Which brings me to my next point: marathon running is very compartmentalised. Journalist Nick Cohen – a late, unlikely and enthusiastic marathon runner – tried to imagine what a truly health based society would look like. He concluded that it would not be enough to crack down on booze, tobacco and junk food.

Pedestrians and cyclists would have priority on the roads. If the roads are too narrow to take cars, cycle lanes and a pavement wide enough to allow pedestrians to walk or run in comfort, then cars will have to go. School runs will become history as heads refuse to admit any able-bodied child who arrives at school in a car.

It will not necessarily be illegal to drive in towns and cities, just pointless. Motorists would inch along because cycle and bus lanes would take up road space and pelican crossings would be reset so pedestrians never had to wait more than a minute to cross a road. Even when they reached their destinations, drivers would search forever for a space because car parks would have been demolished and replaced with public parks.

My point is that rather than close the city centre road network for one day to have a marathon we should be encouraging people to avoid car travel where possible. That means restructuring cities so that they are easier to walk and run in.

Probably the main issue for me is the commitment thing. It just seems overly stressful to commit yourself to a long term training regime. It fits neatly, though, with the way our society is going. It’s like for capitalism to be viable people have to commit to more and more – the mortgage, the family, the career, the schools – until it overwhelms their lives and finally burns them out.

Let me end the rambling and contentious post by saying again that no disrespect to you if you are into marathon culture and the mass charity running. I’ll be on Woodhouse Moor.

(Image: Wikipedia)

The Wilderness Years

May 4, 2018

There’s a thing in modern publishing that goes by ‘new folk lit’, or maybe ‘nature lit’. It’s a general term to cover novels and memoirs set in rural and remote places where the feel and texture of the countryside figures prominently. H is for Hawk, the indie novels of Ben Myers, Amy Liptrot’s recovery memoir, Sarah Perry’s The Essex Serpentthe Herdwick Shepherd books, Abi Andrews’s The Word for Woman is Wilderness – the genre is huge. Any books page on a given week is apt to feature a history of a particular wood or livestock animal, or a journey of personal rediscovery on a distant windy island. Henry Miller wrote that ‘I have nothing to do with the creaking machinery of humanity – I belong to the earth! I say that lying on my pillow and I can feel the horns sprouting from my temples.’ Yet the nature lit genre doesn’t always appeal to me because 1) so much of it feels like ‘Nature is all about me’ and 2) so many of these books are set in the past – I’ve only come across Amanda Craig’s exceptional The Lie of the Land, plus parts of Sarah Hall’s short stories, that give a sense of the countryside as a real, present environment in which people live their lives.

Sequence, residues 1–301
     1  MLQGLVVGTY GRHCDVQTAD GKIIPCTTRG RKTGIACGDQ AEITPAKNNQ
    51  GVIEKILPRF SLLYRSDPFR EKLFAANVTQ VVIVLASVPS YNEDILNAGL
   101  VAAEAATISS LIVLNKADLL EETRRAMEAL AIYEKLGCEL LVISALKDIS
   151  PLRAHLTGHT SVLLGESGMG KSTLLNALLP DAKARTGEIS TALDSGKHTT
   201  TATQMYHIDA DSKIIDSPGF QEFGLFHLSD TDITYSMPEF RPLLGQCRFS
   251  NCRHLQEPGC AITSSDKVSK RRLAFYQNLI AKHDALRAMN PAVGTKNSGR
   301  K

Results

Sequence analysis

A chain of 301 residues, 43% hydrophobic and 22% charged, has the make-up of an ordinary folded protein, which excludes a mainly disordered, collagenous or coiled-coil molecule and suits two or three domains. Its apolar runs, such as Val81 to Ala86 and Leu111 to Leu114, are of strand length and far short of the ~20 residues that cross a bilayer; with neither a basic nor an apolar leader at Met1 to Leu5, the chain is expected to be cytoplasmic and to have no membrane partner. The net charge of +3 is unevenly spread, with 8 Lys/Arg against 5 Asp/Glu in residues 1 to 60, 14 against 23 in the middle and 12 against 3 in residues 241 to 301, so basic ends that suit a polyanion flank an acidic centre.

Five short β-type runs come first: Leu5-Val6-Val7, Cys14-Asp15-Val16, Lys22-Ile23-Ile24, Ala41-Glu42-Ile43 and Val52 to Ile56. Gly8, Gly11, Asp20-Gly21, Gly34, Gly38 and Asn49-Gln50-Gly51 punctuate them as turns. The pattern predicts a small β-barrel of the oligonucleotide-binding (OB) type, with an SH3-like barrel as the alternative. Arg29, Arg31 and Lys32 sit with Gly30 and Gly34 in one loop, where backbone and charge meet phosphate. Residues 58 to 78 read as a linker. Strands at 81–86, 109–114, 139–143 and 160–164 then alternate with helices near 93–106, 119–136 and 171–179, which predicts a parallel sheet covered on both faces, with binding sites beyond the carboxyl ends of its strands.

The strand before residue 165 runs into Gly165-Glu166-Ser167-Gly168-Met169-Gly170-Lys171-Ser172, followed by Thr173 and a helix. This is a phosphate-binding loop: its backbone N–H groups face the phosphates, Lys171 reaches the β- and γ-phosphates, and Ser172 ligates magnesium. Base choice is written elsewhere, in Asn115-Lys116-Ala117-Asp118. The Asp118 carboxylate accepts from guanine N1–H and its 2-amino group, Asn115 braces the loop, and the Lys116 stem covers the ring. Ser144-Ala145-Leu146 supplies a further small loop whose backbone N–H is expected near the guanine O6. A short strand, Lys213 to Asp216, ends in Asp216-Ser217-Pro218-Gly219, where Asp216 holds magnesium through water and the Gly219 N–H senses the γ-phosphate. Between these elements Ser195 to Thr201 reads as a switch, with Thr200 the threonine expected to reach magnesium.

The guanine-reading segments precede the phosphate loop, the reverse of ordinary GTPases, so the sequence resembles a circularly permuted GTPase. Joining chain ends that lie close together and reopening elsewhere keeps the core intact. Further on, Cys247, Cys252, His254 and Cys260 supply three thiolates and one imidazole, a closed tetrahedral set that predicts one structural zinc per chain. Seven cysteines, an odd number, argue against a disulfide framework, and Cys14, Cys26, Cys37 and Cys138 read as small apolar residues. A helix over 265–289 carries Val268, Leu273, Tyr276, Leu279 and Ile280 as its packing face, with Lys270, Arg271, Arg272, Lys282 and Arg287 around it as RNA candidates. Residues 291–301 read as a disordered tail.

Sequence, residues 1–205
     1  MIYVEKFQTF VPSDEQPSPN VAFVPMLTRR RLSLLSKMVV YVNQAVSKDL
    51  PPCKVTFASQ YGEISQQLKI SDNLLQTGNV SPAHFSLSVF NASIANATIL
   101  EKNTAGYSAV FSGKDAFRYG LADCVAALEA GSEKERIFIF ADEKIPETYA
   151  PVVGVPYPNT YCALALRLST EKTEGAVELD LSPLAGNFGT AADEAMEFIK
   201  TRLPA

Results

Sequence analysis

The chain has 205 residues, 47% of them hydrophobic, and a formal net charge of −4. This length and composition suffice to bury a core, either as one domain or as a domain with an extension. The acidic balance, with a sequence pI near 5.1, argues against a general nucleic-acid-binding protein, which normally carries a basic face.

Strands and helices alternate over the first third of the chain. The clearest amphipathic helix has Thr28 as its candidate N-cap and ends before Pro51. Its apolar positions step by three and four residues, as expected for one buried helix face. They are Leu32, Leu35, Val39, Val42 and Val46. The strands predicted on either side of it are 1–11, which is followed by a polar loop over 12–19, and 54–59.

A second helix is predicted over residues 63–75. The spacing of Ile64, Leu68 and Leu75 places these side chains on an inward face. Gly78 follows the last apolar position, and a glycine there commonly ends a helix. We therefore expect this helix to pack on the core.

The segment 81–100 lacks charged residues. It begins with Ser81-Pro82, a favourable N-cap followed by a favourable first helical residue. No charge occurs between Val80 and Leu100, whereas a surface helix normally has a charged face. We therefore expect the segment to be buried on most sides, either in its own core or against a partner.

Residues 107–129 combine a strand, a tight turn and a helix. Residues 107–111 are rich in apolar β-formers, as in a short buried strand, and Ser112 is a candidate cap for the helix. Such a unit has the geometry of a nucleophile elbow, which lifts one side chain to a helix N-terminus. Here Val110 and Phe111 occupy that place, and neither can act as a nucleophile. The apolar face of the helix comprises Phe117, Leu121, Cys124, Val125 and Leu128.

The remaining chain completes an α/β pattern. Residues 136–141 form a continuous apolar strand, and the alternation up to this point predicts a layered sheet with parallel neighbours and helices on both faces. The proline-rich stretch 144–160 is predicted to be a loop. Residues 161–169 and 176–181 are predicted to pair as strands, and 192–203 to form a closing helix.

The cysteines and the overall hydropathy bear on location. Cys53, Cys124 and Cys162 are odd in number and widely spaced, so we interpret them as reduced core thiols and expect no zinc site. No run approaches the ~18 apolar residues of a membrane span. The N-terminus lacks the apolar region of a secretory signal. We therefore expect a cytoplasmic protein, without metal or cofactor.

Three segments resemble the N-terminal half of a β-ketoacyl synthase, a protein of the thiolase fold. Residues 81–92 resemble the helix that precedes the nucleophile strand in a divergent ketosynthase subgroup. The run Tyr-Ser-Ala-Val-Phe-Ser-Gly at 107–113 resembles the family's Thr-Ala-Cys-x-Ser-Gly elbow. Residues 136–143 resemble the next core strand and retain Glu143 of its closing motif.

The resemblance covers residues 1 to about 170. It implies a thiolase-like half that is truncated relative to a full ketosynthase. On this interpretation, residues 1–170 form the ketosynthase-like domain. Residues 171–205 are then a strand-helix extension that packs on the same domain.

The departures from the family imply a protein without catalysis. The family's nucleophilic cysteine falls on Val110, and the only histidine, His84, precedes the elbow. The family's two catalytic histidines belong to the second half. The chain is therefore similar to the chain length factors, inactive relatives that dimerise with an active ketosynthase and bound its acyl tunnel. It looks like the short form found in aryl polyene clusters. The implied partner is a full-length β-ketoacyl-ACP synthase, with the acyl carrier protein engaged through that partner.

Zoe Gilbert’s Folk is an ideal of the genre. Her debut is a collection of integrated short stories set in the fishing community of Neverness on a mythical and yet entirely familiar island. It opens with a strange ritual: teenage girls fire ribbons with bow-and-arrow into an enormous gorse maze, and the village boys then have to run around the maze, chewing ribbons out of the gorse, in the hope of kisses when they eventually escape this labyrinth. But a boy named Crab Skerry wants more than kisses – he wants the Gorse Mother – ‘she puts it on you and it’s like ten mouths all at once. You go in the gorse and if she gets you, you come out a man.’

A man has a wing for an arm, a woman falls in love with a minotaur that lives in the sea. As Ben Myers writes in his review: ‘Superstition often proves to be prophecy rather than hokum, and human and animal kingdoms merge into areas of confused identity, a beautiful blurring of fur, feather and fin. Hares, kites and bees play vital roles. Dark magic exists.’ But as Myers also understands, the village also lives by ritual, custom and rules so strong that they are almost physical laws. It’s no surprise that bold young Crab’s search for the Gorse Mother ends in tragedy. And human nature is still the same: a couple of kids delight in hiding in a haunted cave, pretending to be an oracle and telling evil fortunes to whichever unwary villagers come to look for them.

Gilbert’s flaw is to argue all this too forcefully. Folk is beautifully written, boldly imagined, and at times (as in ‘Verlyn’s Blessings’) almost heartbreaking. The village is completely self contained: however much some of the islanders might yearn for escape, there’s no sense of another world beyond the ocean – and for me that makes it all a bit depressing. Myers says that ‘her island village could be almost any remote community from the past several thousand years’ – and that to me is the problem: the mundanity and the mirroring of our own world is excessive. Maybe that’s just me. The nature world is a nice place to visit, but like Al Swearengen, I prefer to sleep indoors.